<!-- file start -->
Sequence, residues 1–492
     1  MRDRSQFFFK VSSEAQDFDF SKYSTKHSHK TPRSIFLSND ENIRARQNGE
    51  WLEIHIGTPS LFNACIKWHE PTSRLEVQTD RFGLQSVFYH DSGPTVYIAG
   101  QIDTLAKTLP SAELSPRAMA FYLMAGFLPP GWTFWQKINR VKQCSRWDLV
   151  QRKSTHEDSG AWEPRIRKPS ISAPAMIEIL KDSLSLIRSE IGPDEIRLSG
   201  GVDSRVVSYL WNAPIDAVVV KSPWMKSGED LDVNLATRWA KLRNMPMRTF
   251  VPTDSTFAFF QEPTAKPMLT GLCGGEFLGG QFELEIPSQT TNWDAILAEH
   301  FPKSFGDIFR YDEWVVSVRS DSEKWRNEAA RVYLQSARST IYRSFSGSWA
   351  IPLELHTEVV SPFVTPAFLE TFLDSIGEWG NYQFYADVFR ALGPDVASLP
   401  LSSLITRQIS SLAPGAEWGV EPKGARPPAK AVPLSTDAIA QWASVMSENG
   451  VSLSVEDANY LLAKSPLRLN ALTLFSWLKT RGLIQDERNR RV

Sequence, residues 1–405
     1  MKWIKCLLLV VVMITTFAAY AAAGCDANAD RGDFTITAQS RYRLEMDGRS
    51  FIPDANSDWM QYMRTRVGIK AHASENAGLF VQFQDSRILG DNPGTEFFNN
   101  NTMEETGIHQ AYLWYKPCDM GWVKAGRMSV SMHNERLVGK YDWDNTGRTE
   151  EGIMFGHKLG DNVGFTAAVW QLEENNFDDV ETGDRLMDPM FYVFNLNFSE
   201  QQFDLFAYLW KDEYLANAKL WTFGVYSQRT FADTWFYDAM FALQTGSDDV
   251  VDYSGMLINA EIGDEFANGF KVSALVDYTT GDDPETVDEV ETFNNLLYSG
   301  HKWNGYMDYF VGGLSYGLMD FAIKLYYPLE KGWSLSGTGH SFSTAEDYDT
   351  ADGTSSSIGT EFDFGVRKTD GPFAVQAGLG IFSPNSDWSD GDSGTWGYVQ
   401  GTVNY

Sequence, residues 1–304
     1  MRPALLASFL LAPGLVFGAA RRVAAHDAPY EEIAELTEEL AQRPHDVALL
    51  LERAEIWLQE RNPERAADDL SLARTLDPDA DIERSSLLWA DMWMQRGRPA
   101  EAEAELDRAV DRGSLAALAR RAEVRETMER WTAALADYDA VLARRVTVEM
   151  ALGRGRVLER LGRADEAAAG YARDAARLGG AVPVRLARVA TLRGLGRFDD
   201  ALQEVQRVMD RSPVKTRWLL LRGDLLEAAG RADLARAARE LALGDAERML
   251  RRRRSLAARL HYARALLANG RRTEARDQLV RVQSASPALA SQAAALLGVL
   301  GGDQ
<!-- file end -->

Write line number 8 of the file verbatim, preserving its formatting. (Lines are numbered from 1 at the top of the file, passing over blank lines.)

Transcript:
   301  FPKSFGDIFR YDEWVVSVRS DSEKWRNEAA RVYLQSARST IYRSFSGSWA